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Abbreviations If you are frequently confronted with decisions regarding abbreviations, get hold of a copy of either The Chicago Manual of Style or The Gregg Reference Manual.
Both these books contain extensive chapters on proper form in using abbreviations, as well as the possessive and plural forms of abbreviations. The plural of Mr.
Carter, Lincoln, and Ford. The plural of Dr. The plural of Mrs. In most formal prose, we do not use titles, abbreviated or otherwise, with individuals. Emily Dickinson is simply Emily Dickinson, and after the first use of her full name, Dickinson will do unless we need Emily to avoid confusion with other Dickinsons.
In informal language or when we're trying to save space or make a list, we can write Rev. In formal text, we would write "the Reverend Alan B. Darling" and "the Honorable Francisco Gonzales" i. Incidentally, we cannot say "We invited the reverend to dinner" and only a cad would invite "the rev.
These are standard abbreviations, with periods. The APA Publication Manual recommends not using periods with degrees; other reference manuals do recommend using periods, so use your own judgment on this issue.
All sources advise against using titles before and after a name at the same time i.
And we do not abbreviate a title that isn't attached to a name: If you list a "junior" with his spouse, the "Jr.
You should avoid using a "Jr. Have you ever run across an acronym or abbreviation and not known what it means? Try using the Acronym Finder. Just type in the letters and click on Search. Out of a database of overabbreviations and acronyms, the Finder will probably discover what you're looking for.
Also, we can use U. Terms of mathematical units: There is a space between the number and the abbreviation. Notice that we do not put an s after such abbreviations even when the plural is indicated. Also, we do not use a period with such abbreviations except for in.
When the term of measurement is used as a modifier, we put a hyphen between the number and the term of measurement: Long, common phrases, such as IQ Intelligence Quotientrpm revolutions per minutemph miles per hourand mpg miles per gallon.
Such abbreviations are acceptable even in formal academic text and may be used without periods. Words used with numbers: He left at 2: She was born in B. Either lower or upper case letters can be used with A. Sometimes you will see It is considered bad form to use these abbreviations without a specific number attached to them: If you can say for example as a substitute for the abbreviation, you want to use e.
Do not italicize or underline these abbreviations. Most sources recommend avoiding the use of Latin abbreviations except within parenthetical notes and some sources say not to use Latin abbreviations at all use the English terms instead except within citations or reference lists.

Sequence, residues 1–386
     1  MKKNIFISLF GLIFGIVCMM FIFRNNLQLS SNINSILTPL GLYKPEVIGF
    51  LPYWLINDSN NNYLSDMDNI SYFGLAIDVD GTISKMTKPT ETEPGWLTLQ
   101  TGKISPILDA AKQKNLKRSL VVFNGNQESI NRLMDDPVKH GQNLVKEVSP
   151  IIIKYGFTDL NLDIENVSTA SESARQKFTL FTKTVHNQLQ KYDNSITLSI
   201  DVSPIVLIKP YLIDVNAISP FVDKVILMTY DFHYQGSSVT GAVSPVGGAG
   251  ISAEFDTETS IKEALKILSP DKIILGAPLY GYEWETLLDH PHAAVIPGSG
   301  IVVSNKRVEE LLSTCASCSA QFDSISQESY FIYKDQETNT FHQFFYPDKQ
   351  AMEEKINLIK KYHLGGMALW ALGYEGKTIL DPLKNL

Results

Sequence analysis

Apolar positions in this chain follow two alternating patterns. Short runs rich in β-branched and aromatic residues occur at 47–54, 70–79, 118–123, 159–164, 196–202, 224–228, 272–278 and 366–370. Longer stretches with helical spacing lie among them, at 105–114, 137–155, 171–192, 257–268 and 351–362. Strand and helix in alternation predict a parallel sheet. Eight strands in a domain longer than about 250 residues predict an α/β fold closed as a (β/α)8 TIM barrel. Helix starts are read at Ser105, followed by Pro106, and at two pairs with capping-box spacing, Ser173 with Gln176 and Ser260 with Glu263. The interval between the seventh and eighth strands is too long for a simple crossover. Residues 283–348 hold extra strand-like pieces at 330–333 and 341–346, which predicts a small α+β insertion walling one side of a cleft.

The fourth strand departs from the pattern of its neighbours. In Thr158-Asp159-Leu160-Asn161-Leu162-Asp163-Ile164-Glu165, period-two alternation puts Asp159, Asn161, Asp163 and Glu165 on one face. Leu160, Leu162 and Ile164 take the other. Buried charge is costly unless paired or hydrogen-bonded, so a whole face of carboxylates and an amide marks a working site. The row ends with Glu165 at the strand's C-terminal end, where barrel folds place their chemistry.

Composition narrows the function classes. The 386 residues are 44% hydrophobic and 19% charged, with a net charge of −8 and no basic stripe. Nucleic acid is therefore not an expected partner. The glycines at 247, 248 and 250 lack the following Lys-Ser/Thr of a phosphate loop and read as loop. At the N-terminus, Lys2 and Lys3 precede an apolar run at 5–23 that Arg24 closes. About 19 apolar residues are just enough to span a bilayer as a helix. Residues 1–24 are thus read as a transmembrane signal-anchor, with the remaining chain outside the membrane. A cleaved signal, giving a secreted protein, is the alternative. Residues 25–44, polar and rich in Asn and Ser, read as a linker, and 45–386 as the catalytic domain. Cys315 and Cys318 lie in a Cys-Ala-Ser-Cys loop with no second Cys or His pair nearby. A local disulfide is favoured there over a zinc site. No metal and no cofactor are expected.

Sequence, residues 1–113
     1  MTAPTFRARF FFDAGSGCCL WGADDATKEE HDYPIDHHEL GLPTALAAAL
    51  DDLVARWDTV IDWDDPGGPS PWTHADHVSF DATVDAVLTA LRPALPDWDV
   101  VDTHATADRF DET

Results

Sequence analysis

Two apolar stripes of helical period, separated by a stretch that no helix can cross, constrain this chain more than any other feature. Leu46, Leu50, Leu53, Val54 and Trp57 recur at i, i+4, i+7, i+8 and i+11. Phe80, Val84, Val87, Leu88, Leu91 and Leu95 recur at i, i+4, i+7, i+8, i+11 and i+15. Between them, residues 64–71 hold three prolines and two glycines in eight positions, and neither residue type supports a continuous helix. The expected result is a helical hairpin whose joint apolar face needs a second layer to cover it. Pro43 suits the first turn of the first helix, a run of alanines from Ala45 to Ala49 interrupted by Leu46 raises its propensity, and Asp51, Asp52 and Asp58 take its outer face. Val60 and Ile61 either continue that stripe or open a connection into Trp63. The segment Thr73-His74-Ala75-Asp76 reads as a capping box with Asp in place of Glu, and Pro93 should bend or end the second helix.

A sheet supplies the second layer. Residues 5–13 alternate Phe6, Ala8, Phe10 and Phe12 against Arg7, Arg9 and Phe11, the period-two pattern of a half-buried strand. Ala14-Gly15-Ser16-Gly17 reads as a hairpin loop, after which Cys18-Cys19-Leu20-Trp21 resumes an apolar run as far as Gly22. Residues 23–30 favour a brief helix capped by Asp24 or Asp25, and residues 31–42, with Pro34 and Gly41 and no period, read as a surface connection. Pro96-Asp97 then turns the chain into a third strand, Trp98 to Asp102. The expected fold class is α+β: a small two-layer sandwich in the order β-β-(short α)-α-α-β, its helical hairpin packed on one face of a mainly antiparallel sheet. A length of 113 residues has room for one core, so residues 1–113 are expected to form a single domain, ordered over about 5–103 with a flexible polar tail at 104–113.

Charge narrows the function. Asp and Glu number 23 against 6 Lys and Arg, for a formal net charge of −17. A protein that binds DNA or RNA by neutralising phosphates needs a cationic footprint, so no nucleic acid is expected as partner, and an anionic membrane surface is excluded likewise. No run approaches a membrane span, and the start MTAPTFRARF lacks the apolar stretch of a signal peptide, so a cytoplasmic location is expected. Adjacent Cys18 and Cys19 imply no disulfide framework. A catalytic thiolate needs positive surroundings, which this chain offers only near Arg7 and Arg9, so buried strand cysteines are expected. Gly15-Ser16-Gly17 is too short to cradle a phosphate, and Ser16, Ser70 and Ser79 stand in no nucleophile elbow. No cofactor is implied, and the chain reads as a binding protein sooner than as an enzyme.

The Chicago Manual of Style recommends using a comma after i. Other resources say not to bother with the comma, but the comma makes good sense. Except in the business of formally citing material you've used in research, it's a good idea not to use et al. Spell out the word versus unless you're reporting game scores, when you would use vs.
Names of states and territories in references and addresses, but not in normal text. Abbreviations accepted by the U.If you’ve studied linguistics, you’ve learned that the study is not about prescribing how people speak but describing what actually happens when people use a language.
At any point in time, a language works according to a shared set of understood rules, which change over time as a language evolves. The Online Writing Lab (OWL) at Purdue University houses writing resources and instructional material, and we provide these as a free service of the Writing Lab at Purdue.
Learn about Purdue University's College of Liberal Arts, a college focused on strengthening the Undergraduate Experience, enhancing Graduate Education, and promoting Faculty Excellence. Somehow, Amazon got the wrong word in its database.
No matter, the book is wonderful.
It's really chock full of rules, and examples to illustrate the rules, for such categories as Punctuation, Parts of Speech (all 8 parts of speech are represented), Easily Confused Words, and a Miscellaneous category that includes Numbers, Plurals, Abbreviations, and other matters.
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Don't get caught up in.